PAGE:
Here are the sounds that we want children to use as they start reading.
They are taught in the same sequence to everyone.
They only take a minute to practise so have a go each day!
Please notice the different types of sound.
Bouncy (very short, clipped sounds) a d t i p g o c k u b e h j w x ch qu
Stretchy (long sounds) m s n f l r v z sh th ng nk
At Wilbraham Primary School we use Read Write Inc to help children learn to read. It has been used for many years in other schools and has supported children to enjoy reading and make good progress. It aims to teach children to learn to read as quick as possible so they can use their skills to then read to learn and become lifelong readers. It also helps children to talk about and understand what they have read. Reading helps children develop their vocabulary and learn new things independently. We want all children to enjoy reading. Children will be taught in mixed groups by trained staff. First children learn a simple code to help them read (see simple sounds). Then they learn more complex sounds (see complex sounds).
Phonics Screening Check
The phonics screening check a short, simple assessment to make sure that all pupils have learned phonic decoding to an appropriate standard by the age of 6. All year 1 pupils in maintained schools, academies and free schools must complete the check.
The phonics check will help teachers identify the children who need extra help so they can receive the support they need to improve their reading skills. These children will then be able to retake the check in year 2.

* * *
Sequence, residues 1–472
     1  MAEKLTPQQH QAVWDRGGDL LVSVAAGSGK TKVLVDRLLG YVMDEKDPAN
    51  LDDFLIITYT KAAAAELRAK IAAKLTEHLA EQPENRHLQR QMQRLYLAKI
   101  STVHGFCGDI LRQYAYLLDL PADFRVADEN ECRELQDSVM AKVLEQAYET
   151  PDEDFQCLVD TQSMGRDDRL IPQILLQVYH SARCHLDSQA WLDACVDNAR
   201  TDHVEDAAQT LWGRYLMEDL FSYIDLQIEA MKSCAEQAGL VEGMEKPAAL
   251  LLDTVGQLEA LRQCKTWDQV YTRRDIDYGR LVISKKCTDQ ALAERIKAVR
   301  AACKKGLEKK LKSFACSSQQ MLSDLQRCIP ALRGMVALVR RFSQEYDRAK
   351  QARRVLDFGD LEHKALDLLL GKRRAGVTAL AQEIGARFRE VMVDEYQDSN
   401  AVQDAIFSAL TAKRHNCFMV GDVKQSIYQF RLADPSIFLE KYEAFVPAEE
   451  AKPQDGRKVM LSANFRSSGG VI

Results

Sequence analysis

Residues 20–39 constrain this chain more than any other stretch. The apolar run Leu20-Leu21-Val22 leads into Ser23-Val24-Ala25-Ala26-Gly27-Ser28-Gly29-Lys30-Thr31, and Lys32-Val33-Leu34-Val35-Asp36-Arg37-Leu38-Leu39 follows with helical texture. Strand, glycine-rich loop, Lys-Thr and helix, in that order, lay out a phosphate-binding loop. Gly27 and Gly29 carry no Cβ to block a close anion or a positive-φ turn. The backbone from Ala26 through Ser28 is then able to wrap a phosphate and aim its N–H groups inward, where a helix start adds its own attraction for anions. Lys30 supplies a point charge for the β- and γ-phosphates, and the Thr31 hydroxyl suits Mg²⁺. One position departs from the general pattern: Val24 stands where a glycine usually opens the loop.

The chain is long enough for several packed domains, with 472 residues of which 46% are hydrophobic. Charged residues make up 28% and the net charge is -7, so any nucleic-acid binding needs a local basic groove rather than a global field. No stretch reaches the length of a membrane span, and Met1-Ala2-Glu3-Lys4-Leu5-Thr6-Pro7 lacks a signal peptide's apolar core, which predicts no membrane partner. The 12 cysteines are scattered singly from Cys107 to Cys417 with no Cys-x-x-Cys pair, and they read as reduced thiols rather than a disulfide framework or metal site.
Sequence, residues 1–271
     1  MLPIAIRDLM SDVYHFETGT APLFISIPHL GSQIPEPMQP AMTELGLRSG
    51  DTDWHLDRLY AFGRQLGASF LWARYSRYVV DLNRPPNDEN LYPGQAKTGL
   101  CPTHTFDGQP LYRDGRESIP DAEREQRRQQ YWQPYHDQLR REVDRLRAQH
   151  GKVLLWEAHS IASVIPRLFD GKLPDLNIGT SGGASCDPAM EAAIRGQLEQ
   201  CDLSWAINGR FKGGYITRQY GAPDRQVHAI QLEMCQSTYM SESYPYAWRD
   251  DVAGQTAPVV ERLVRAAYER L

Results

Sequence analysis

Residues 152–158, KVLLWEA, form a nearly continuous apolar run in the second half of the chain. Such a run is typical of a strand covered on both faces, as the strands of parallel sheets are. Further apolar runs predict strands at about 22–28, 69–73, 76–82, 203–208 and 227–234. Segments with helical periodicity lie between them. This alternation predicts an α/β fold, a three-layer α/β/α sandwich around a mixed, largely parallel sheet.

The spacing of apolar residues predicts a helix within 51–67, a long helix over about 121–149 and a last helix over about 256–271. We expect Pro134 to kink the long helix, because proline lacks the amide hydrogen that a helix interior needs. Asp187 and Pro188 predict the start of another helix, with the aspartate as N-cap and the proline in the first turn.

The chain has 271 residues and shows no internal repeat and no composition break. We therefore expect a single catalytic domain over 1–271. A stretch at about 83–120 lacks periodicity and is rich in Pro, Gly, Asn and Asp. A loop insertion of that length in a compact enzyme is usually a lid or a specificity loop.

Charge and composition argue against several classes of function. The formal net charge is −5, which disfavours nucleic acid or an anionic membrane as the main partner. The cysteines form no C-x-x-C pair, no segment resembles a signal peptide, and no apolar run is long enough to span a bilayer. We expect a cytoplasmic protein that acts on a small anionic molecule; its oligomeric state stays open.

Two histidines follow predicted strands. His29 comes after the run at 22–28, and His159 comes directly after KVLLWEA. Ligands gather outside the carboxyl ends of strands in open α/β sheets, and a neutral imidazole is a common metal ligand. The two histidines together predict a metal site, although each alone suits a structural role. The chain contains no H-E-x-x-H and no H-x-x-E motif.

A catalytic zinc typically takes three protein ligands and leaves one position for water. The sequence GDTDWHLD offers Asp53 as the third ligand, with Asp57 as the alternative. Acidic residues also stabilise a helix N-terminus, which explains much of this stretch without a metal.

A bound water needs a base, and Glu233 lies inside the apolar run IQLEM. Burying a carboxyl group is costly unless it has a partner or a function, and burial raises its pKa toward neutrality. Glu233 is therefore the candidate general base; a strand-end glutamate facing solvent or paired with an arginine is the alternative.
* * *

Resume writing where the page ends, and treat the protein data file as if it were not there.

The check comprises a list of 40 words and non-words which the child will read one-to-one with a teacher.
Please click here to view some past phonics screening test.
Fred the Frog
Children are taught to ‘Fred’ talk words by sounding out and blending to read. m_a_t
Children are taught to spell by hearing and saying sounds in a word before writing them down. We call this using ‘Fred’ fingers.
Fred is a frog puppet who says, reads and spells words in pure sounds; he never says the whole word so the children do this for him. He never adds ‘uh’ after a consonant sound e.g. fuh, luh (a slight ‘uh’ cannot be helped when saying the sounds b, g, d, j, w and y).
A grapheme is one letter or group of letters used to write one sound, e.g. the sound ‘f’ can be written with the grapheme f (fun), ff (huff) and ph (phone).
Syllables are chunks within long words.
The root is the part of the word that gives the most meaning.
You also need to know how to add a suffix to a word like this…
_ed (as in jumped) _ing (as in playing) _er (as in cooler)
_est (as in greatest) _ful (as in grateful) _y (as in tidy